Demography is the study of the growth, change, and structure of the human population. Changes in a population’s size and structure are caused by changes in the birthrate, the death rate, and the net migration rates. Demographic research focuses on why people have the number of children they do; on factors that affect death rates; and on the reasons for immigration, emigration, and geographic mobility. Understanding a society’s demography is an essential tool in determining current and future public health needs.
History of the Human Population
The twentieth century was a very unusual period, demographically. World population grew at a more rapid and sustained pace than at any time in human history, as shown in Figure 1. The global population grew from approximately 1.7 billion people in 1900 to 6 billion in 1999. The annual population growth rate averaged 1.3 percent for the entire twentieth century, and was as high as 2.3 percent between 1965 and 1970. (A sustained 2.3 percent annual growth rate would have meant a doubling of the world’s population in thirty years.)
By contrast, throughout most of history the human population grew very slowly. Occasionally, in some regions, there were periods of very rapid population growth—and also very rapid population decline. However, these periods generally averaged out over time, and overall population growth was extremely slow. For example, between the years 1 C.E. and 1750, the average annual population growth rate was only 0.06 percent. (At this rate, the population would double, on average, only once every 1,250 years.) A period of rapid population growth began around 1750 in Europe and North America. Rapid population growth in most other parts of the world began between 1920 and 1960.
Why did the population begin to grow rapidly first in Europe and North America, next in Japan, Australia, and New Zealand, then in most of Asia and Latin America, and finally in Africa and the rest of the world? The answer lies in how a population grows or declines. A change in the size of a population occurs in only a few ways: Either births and immigrants add new members to the population, or deaths and emigrants remove members from the population. Throughout most of human history both birth tates and death rates were high, though birthrates were slightly higher than death rates on average. Slightly higher birthrates than death rates meant that the population was growing, although at a very slow rate. Migration added to some populations and subtracted from others at different periods in history.
Beginning in the eighteenth century, however, death rates began to decline, slowly at first and then more rapidly. For example, death rates declined from about 35 to 45 deaths per 1,000 population in the period from 1750 to 1850 to around 8 to 12 deaths per 1,000 in low-mortality countries (Europe, North America, Japan, and Australasia) in the late twentieth century. This decline began in different parts of the world at different times. In North America and Europe, the timing of the mortality decline was closely tied to the beginning of the Industrial Revolution. In Asia, Latin America, and Africa, declines in death rates took place mostly during the twentieth century. Declining death rates in combination with continuing high birthrates triggered the rapid growth of the population. Simply put, many more people were born into the population each year than left it through death.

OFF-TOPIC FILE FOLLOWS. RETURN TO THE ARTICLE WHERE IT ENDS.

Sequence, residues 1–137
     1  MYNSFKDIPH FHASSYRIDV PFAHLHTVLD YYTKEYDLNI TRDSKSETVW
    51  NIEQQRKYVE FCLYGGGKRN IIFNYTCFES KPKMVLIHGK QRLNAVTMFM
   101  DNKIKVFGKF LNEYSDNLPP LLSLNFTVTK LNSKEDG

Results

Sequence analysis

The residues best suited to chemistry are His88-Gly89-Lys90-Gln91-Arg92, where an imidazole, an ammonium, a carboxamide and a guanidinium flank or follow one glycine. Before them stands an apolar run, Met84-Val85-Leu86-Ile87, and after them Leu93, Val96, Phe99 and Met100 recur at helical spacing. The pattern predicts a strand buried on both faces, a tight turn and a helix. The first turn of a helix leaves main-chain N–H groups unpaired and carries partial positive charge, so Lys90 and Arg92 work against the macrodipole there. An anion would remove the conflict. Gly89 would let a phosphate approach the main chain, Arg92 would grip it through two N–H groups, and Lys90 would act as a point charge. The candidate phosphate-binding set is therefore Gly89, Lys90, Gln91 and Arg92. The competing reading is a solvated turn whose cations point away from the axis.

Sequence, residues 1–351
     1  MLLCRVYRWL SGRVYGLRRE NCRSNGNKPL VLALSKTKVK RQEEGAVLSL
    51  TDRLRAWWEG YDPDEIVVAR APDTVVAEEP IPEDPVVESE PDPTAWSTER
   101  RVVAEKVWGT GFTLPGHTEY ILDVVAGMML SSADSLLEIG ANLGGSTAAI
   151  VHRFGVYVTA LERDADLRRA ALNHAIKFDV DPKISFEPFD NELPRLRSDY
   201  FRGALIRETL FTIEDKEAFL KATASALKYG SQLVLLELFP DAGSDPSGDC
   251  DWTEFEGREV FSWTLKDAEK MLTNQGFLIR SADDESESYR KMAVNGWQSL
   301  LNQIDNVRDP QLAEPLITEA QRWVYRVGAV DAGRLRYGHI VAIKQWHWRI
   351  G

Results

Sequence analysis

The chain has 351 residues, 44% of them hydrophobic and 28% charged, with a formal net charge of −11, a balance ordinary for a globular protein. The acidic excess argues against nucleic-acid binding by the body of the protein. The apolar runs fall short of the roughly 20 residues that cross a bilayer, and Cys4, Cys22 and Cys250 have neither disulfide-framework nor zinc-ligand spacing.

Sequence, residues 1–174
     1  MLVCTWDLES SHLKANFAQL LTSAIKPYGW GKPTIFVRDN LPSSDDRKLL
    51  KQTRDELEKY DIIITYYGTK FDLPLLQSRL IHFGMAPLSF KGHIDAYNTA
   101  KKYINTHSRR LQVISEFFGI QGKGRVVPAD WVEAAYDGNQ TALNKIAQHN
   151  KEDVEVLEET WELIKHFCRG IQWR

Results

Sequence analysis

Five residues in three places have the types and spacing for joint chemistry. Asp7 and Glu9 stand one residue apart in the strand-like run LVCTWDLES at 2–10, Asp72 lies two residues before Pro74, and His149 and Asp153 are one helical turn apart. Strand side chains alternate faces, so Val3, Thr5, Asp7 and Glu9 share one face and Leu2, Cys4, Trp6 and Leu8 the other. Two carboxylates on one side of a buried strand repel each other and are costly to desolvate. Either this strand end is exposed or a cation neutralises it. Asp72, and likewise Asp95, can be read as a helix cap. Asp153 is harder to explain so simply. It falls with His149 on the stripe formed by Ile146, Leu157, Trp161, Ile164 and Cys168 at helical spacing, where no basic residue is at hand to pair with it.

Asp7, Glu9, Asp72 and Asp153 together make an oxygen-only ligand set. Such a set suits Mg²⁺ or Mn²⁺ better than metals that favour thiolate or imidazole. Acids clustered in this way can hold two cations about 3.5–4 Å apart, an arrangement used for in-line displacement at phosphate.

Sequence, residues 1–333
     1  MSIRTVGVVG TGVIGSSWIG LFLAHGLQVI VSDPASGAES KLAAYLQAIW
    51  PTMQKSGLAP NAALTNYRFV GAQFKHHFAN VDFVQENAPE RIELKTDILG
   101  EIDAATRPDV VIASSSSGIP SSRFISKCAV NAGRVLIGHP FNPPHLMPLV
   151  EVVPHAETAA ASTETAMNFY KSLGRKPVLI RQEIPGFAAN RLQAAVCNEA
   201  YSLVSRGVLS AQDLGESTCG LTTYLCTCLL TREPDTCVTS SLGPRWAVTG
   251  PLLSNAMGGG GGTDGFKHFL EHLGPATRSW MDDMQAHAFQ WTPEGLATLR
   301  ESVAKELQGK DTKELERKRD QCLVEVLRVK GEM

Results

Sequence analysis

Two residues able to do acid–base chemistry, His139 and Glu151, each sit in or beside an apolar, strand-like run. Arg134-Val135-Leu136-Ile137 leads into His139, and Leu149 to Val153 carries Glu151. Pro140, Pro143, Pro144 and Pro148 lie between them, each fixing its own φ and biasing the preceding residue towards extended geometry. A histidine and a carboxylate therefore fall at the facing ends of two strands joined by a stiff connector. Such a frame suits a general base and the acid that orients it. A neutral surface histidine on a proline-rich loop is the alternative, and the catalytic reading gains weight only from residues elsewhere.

Historical research shows that much of the mortality decline in Europe and North America occurred before most modern changes in medical technology and treatment, and therefore was caused by other factors. These factors include improvements in public health (including sanitation, waste disposal, clean water supply, and quarantine); changes in personal hygiene (including bathing, handwashing, and household cleanliness); improved standards of living (including better nutrition and housing); and improved political, economic, and transportation systems, which led to better responses to food shortages and drought.
These factors also played an important role in reducing death rates in Asia, Latin America, and Africa during the twentieth century. However, improvements in medical and public health technology were also important in these regions. For example, immunization programs, pesticide spraying against mosquitoes that spread malaria and yellow fever; oral rehydration therapy for diarrhea; antibiotics; and improved and more widely available health care have all contributed to mortality reduction.
Despite continuing gains in health and survival, the pace of population growth began to slow in industrialized countries in the mid–twentieth century and in other regions of the world in the last three decades of the twentieth century. The reason is that birthrates began to decline. In some European countries, birthrates fell so low by the end of the twentieth century that their population growth rates became slightly negative, meaning that the number of people in these countries is declining slightly. For example, between 1995 and 2000, Italy had a birthrate of 9 per 1,000 population, or an average of about 1.2 births per woman. During this period, Italy’s death rate was 10.4 per 1,000 population, so the Italian population became slightly smaller each year. Birthrates have also fallen to historically low levels in many countries in Asia and Latin America. There is also substantial evidence that birthrates are declining in many African countries as well. However, there is still great variability in birth and death rates among regions of the world, as the figures in Table 1 show.